Imagine you and your family living in Jordan, and your grandfather, on a brief trip, passes away abroad. Or Imagine studying abroad while your grandmother passes away in Jordan. Recently, two of my readers had close family members who passed away in this way, and I wanted to officially offer my deepest condolences to them and their respective families.
The stories reminded me about death, about mortality, about family, and about distance; subjects I think most of us don’t think about too often. I find death very strange. The way it shifts and moves, and plots and plans; a methodology that is as unknown to us as life itself. But it’s always precise, and always meticulous. And when we see it being played out, it’s like the curtains of life fluttering momentarily, and we get to see fate backstage pulling all the strings. And so there’s always a story to tell and its always a bit more bitter when that person is far from where you are.
While I lived in Toronto amongst my relatives, I lost two uncles to cancer. Both died 10 days of each other. One in Toronto and the other in Morocco, the first having died exactly 4 years ago today. Neither aware of the other’s passing. Their mother, my grandmother, was at the bedside of only one and not the other. At the time, she was visiting in Toronto, but was suffering heavily from arthritis and diabetes, the latter of which made her temporarily blind, ironically, throughout the months when my uncle became thinner and thinner; a shadow of the man he used to be. In fact, the day he passed away, she was beside him but unable to see him in the hospital bed. A few months after both her children passed on, she regained her sight and began the slow process of getting better. And despite getting healthier, she insisted on going back. She kept saying she wanted to die in her homeland. Her son in Morocco was the only real remaining link to her home, and with him gone, she missed home all the more; worried about her possessions, her house. Her children tried to convince her to stay with them in Toronto, but she wouldn’t have it. And after months and months of insisting, she traveled home with my aunt. My aunt returned to Canada, and two days later my grandmother died, in her homeland, in her home, in her bed. Evidently, after two years of bad health, death had decided to honor her wish, and wait until she came back home.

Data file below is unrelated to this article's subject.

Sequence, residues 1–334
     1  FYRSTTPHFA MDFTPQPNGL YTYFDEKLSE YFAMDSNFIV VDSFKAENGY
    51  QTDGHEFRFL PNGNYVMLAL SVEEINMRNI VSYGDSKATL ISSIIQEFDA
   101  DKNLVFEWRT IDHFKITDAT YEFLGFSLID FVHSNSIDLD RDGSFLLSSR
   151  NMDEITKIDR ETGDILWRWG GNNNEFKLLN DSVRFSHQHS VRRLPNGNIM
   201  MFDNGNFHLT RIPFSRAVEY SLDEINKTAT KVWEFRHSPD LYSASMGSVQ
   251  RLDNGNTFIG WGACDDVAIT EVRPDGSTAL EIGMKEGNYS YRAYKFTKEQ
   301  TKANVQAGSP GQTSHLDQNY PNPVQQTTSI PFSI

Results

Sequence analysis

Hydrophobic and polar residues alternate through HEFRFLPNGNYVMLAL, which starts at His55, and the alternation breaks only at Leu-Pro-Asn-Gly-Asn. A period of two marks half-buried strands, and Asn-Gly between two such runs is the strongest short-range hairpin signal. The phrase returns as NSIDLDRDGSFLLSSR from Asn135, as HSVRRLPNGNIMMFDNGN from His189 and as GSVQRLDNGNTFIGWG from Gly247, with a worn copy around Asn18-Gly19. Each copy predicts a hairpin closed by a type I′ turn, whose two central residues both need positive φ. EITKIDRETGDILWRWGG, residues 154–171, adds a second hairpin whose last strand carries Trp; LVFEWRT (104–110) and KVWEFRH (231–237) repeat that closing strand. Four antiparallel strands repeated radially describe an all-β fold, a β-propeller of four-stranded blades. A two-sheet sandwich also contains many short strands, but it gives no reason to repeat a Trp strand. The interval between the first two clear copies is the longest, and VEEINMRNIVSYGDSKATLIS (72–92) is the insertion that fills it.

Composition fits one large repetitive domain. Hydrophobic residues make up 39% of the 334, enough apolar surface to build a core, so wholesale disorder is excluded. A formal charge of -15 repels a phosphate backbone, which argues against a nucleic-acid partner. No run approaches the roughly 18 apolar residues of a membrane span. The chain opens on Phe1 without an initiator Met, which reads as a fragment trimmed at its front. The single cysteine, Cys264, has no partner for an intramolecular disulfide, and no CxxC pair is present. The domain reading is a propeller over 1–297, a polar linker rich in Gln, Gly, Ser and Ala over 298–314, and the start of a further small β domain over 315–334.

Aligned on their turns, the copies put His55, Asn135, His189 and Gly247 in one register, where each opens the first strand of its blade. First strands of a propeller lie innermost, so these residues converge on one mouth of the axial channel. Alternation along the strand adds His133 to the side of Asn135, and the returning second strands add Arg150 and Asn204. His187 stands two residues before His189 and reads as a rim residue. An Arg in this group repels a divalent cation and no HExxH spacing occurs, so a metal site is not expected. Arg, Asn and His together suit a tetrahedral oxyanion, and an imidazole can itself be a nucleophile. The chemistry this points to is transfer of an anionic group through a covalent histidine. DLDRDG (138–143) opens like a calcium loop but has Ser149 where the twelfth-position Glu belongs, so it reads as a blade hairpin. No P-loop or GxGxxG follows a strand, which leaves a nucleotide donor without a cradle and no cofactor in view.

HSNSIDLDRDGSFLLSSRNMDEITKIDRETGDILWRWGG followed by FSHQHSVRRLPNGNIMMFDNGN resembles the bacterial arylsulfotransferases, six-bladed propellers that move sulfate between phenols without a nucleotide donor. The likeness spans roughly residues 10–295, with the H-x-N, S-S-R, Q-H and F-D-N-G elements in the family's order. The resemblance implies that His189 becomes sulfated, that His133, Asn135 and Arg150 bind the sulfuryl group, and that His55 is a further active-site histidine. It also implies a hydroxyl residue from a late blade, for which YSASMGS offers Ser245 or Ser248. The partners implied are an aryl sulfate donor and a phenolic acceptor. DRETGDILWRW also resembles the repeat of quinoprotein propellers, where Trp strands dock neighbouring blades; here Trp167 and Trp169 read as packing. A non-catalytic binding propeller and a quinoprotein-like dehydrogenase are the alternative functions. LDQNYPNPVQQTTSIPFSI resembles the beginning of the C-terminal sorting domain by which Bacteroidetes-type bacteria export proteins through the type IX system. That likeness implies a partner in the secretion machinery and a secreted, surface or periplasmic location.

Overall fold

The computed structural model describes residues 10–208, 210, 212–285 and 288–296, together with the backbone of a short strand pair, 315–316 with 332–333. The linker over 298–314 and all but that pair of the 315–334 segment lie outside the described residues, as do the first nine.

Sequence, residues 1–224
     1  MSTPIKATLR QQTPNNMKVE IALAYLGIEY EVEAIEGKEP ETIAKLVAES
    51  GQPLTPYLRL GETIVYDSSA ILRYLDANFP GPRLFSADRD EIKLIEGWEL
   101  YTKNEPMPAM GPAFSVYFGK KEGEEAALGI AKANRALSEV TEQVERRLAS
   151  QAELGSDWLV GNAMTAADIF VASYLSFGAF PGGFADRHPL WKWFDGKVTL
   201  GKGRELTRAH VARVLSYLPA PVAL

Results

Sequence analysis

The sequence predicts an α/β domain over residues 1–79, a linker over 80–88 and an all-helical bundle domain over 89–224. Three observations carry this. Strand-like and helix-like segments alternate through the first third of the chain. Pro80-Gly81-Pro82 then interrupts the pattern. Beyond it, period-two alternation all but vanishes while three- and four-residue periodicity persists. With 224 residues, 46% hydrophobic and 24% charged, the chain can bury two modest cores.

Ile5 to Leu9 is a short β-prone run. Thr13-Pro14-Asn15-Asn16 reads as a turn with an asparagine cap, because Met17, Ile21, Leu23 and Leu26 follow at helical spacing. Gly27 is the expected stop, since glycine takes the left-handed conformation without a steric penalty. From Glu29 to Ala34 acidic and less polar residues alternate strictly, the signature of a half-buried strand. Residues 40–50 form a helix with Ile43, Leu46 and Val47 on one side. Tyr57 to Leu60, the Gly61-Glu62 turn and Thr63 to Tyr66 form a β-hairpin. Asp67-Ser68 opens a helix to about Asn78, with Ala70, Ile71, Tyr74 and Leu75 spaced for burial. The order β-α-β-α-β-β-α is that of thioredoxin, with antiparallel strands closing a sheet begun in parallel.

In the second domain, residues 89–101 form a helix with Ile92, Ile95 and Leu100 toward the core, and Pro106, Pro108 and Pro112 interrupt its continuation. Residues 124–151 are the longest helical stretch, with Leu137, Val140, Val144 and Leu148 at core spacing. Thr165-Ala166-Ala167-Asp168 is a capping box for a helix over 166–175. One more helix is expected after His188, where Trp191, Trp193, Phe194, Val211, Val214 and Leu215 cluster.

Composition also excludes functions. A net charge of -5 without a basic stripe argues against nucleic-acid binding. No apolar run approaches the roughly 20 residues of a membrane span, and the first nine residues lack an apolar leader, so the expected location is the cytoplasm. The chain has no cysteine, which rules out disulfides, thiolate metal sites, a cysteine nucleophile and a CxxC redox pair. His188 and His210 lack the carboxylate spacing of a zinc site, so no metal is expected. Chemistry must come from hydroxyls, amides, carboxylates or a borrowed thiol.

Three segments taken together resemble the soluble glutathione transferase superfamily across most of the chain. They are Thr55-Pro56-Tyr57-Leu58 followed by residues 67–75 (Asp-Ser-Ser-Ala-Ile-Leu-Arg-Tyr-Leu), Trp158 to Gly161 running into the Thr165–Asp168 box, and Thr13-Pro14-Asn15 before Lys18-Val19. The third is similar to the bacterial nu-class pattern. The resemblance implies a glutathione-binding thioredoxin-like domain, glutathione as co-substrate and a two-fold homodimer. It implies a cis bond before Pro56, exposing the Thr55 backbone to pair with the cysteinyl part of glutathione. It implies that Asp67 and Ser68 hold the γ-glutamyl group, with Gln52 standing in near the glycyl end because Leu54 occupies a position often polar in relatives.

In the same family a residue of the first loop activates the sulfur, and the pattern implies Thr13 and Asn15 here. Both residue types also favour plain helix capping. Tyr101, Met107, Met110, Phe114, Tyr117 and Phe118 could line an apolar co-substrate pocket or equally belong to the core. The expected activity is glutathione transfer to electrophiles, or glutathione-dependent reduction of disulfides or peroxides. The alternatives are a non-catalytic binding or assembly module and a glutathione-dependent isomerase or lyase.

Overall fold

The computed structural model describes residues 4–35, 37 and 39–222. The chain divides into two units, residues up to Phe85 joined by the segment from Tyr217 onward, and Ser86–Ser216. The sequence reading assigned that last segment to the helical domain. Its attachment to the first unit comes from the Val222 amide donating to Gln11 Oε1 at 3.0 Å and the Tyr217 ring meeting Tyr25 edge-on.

And sometimes, it doesn’t work out that way.
I think death is meant to shock us. It’s meant to have that value. Because it’s the only way for us to suddenly be aware of life. The contrast. Like morning light that floods sleepy eyes, leaving them struggling to adjust for a few moments. And there’s nothing you can do about it. It just comes at you, inevitably. Like daylight, it finds a way in.
I don’t know why some people die in car accidents while others in their sleep. I just know that there is always some shock value, some contrast involved. It’s always temporary, because that’s how it’s meant to be. When we awake, our eyes will eventually adjust to the light, and its in that small time frame that we are aware of the contrast; of day, no longer being night; of being awake, and no longer being asleep. In that moment, we adapt, we grow, we move on. We spend the rest of the day forgetting sleep, and when we’re asleep we forget about being awake. Until the contrast comes again.
The process of waking, is a metaphor for the process of dying. The realization; the actualization of two contrasting entities: asleep and awake, alive and dead.
And maybe that’s why we tell these stories. As a way of remembering the contrast. As a way of recalling just how inevitable, sudden, and complex death can be. Just like life. When family and friends get together at funerals, they tell these stories. They talk about the last time they saw the person. The last conversation, the last words. They’ll try and find curiosities, and anomalies in something they did or said, that might have indicated their approaching fate. They’ll end every story with something like “sob7an Allah”. These are stories about the person, but they’re really not. They’re about an audience trying to make sense of the magic show. Trying to unravel and decipher the mystery that is death. Trying to get a clue to the inevitable unknown. Trying to get their sleepy eyes adjusted to the morning light.
And in discovering death.
We discover a little bit more about life.